The larger point here is that, with many more institutions today and a lot of information flowing in, off-site and online supervision will become an even more difficult task. The continuance of COVID-19 makes central banks less able to use on-site supervision and so, they have to rely almost entirely on off-site supervision. Given this situation of central banks having to rely more on off-site supervision and with the maze of information coming in, off-site supervision will become difficult. Therefore, what can central banks do?

They can use smart RegTech tools that will help them pick up early warning signals about impending crisis situations in the financial services sector and information on the key aspects that caused the past financial crisis in the first place—facts like whether the compensation policy is rewarding the quick deal (short-term) when the risks are medium or long-term, or whether conflicts of interest are causing a DFI/FI (and other stakeholders) to go rogue, or what the real (hidden) leverage of a DFI/FI is, after taking into account all aspects such as off-balance sheet items, etc. All of these are applicable to the past financial crisis situations including the recent banking crises in many parts of the globe (2018–19), 2008 U.S. subprime and the 2010 Indian microfinance crisis in AP (these are just examples and not meant to be an exhaustive list).

To realize the full potential of RegTech (especially machine and deep learning), two crucial things will have to happen. One, central banks, as well as other regulators and supervisors, will have to remove any ambiguity in rules and circulars to their constituents. The discretionary power of the regulator and supervisor will also have to go so that the rules governing the game are crystal clear and not subject to interpretation and the whims and fancies of the regulator and supervisor. Two, machine and deep learning (AI), on their part, will have to develop the ability to discern causality (as opposed to mere correlation and association) to have greater predictive ability for regulators and supervisors. It is the fusion of deep domain knowledge of the financial sector and strong technical knowledge of machine and deep learning that can lead to practical, usable regulatory and supervisory tools with enhanced predictive ability.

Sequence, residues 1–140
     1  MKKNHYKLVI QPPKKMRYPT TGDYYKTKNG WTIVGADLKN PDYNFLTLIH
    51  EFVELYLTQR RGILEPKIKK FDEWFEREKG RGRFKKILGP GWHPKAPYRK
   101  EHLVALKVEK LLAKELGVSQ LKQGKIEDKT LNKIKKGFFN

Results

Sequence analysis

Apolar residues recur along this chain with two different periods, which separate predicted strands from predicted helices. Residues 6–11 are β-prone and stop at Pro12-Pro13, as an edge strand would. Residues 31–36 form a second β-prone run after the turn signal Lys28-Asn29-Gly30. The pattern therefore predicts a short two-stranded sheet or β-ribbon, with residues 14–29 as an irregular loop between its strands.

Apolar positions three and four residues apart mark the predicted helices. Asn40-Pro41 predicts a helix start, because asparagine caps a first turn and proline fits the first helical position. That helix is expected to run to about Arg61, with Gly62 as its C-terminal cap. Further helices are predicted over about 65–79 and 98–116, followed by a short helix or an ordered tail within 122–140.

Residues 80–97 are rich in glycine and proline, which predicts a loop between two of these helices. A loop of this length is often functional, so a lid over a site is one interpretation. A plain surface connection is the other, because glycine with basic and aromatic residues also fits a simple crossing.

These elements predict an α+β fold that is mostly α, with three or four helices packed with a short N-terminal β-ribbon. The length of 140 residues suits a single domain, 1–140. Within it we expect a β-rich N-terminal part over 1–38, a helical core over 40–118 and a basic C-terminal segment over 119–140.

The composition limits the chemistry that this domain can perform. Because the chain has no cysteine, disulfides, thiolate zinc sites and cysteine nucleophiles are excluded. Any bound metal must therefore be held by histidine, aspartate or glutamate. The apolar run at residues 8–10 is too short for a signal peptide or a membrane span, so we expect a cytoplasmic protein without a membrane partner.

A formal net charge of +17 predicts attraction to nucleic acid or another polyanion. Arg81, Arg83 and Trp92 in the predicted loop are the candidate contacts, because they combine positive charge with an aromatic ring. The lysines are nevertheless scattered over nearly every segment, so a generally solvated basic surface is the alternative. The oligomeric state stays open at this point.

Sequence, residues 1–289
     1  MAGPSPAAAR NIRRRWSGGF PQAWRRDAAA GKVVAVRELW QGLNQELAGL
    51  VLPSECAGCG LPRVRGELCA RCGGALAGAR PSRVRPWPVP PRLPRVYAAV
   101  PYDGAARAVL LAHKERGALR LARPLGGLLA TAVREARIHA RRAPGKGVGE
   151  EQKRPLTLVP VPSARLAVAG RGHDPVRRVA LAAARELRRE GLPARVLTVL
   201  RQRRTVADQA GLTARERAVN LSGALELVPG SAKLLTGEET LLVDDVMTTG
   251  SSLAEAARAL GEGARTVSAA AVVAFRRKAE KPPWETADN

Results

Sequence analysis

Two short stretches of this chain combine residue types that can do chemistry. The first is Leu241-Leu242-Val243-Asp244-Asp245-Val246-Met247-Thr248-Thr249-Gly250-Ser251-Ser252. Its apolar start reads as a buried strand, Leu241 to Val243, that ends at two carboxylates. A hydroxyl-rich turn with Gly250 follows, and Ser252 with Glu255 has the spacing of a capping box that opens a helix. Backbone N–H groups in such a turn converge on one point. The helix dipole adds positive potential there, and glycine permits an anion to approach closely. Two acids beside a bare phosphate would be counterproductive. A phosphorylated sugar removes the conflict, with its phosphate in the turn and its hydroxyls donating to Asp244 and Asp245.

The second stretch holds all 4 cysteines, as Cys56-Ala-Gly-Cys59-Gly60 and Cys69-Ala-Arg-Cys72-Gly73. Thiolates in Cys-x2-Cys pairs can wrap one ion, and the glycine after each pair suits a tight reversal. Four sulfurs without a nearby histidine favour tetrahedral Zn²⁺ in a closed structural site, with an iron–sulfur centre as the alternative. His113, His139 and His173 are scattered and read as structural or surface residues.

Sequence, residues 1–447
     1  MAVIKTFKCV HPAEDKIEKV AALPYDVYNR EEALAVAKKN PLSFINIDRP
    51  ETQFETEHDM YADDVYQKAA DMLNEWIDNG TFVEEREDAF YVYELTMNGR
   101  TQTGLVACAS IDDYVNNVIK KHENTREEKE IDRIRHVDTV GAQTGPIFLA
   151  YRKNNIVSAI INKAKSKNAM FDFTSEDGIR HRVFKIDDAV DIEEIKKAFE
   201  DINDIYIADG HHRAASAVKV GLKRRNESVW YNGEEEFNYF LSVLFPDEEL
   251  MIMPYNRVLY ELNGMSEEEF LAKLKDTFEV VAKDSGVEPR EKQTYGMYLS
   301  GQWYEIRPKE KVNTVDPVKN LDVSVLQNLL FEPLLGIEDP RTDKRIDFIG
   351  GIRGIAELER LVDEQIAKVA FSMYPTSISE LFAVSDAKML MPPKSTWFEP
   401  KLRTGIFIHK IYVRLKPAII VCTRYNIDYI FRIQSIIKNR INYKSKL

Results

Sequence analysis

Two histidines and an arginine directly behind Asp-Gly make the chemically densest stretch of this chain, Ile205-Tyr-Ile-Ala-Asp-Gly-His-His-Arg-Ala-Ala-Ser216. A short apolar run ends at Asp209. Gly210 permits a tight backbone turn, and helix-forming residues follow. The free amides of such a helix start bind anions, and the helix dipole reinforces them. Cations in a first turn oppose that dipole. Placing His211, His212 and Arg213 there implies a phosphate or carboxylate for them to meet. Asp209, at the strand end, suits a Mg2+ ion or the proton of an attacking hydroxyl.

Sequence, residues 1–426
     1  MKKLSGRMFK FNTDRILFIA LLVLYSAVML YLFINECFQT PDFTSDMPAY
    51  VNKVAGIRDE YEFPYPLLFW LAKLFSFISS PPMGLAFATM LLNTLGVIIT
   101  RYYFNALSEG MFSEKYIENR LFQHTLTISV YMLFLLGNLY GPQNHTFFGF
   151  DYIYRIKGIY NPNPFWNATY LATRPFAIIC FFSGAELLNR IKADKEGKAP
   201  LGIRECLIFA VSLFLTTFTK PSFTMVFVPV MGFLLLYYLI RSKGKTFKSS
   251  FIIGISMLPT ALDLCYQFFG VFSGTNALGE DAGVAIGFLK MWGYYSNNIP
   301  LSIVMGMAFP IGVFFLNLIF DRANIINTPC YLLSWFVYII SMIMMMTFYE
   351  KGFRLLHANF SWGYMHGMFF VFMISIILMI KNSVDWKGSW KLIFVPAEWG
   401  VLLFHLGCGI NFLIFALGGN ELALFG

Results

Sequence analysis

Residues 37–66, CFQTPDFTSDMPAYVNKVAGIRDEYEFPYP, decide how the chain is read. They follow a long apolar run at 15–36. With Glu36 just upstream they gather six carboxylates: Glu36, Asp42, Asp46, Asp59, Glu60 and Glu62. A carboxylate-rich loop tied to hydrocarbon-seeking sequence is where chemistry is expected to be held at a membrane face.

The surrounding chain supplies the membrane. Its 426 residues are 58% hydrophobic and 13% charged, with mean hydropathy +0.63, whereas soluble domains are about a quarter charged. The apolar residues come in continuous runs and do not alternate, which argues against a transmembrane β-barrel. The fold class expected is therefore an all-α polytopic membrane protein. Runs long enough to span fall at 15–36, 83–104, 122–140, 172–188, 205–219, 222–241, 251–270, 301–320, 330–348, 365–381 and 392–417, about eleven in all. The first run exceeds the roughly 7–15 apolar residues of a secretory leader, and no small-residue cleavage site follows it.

RegTech is in its infancy and requires significant effort, from both regulators and supervisors and specialized information technology (RegTech) firms, before greater strides can be made concerning use of machine and deep learning in regulation and supervision (of financial services) and to specifically achieve the objectives set out above—i.e., provide early warning signals of key aspects going wrong and periodic information on exceptions in key factors, both with a view to pre-empt and prevent a financial crisis. Some areas for potential Regtech applications are outlined in part II of this article.

[1] RAMESH SRIVATSAVA ARUNACHALAM, a board member of the Financial Inclusion Advocacy Centre (FIAC), Ghana and UK and is also a partner is ASCENSION ADVISORY (India), under incorporation. He is the author of 14 critically acclaimed books. Ramesh also provides strategic advice on a wide variety of Financial Sector, Financial Inclusion and Economic Development issues. He has worked in over 314 assignments with multi-laterals, governments, private sector, Banks, NBFCs, DFIs, regulators, supervisors, MFIs and other stakeholders in 31 countries across 5 continents and 640 districts of India during the last 31 years. He can be contacted at [email protected] and +919962815615.